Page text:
Thursday, February 17, 2011

The tragedy of a dream unfulfilled: In Memory of Aasiya Zubair


"...Mother to two. "Amma" to two of [Mo] Hassan's children. She was an architect in her native country. In America, she was a force behind the country's first English-language Muslim American television network.
Her life has been overshadowed by the sensational trial that followed her death, but her efforts to erase misconceptions about Muslim Americans are still needed today.
"She really wanted to promote a world where people of all different faiths and cultures could just work together and understand one another and not stereotype each other and not hate each other," Hassan Shibly, a former Bridges producer, told reporters after the second day of the trial.
Mo Hassan hijacked that dream when he brutally stabbed Aasiya Hassan in the Orchard Park offices of Bridges TV. He did more to tarnish the image of Muslim Americans than the media stereotypes he said he wanted to counter when he and Aasiya started Bridges TV.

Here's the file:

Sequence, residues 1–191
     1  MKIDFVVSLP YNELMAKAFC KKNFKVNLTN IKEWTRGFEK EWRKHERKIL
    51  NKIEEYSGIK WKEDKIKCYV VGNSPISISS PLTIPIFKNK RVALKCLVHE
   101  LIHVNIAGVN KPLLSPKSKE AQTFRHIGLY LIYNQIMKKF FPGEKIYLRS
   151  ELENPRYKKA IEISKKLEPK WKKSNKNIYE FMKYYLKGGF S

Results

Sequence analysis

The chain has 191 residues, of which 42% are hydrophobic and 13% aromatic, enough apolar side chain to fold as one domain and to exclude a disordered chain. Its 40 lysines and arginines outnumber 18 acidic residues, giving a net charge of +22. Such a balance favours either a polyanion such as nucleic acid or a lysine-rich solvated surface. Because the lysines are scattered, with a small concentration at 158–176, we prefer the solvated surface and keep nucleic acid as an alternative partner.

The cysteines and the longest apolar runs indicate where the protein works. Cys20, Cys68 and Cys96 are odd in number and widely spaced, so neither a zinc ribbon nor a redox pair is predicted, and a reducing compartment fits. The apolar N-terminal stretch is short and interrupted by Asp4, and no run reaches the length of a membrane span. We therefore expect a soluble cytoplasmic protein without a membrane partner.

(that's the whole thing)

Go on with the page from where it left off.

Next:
In the days after her murder, there was speculation that the crime was some sort of "honor killing." But the details of the years leading up to her death and the final days of her life portrayed by prosecutors couldn't have been clearer. This was classic domestic violence.
Mo Hassan was just one man. It was just one cruel murder. His bizarre and tragic actions represent nothing but himself -- not a culture or a religion.
One of the "tragedies" of Aasiya Hassan's death, Shibly said, was that people tried to use what happened to her "to counter what Aasiya dedicated her life to."
"I don't want to see her life go in vain," Shibly said.
The sad thing is that the misconceptions of Muslim Americans continue to pervade American culture.
From unwarranted concerns that Sharia law will take over the United States to the uproar over a planned Islamic community center near ground zero, anti-Muslim sentiment continues to overshadow real discussion of many issues.
Aasiya Hassan wanted to change the discussion. She lived a nightmare but wanted to make the world a better place for others. Let's remember her life for that." [READ FULL COLUMN]


No comments:

Post a Comment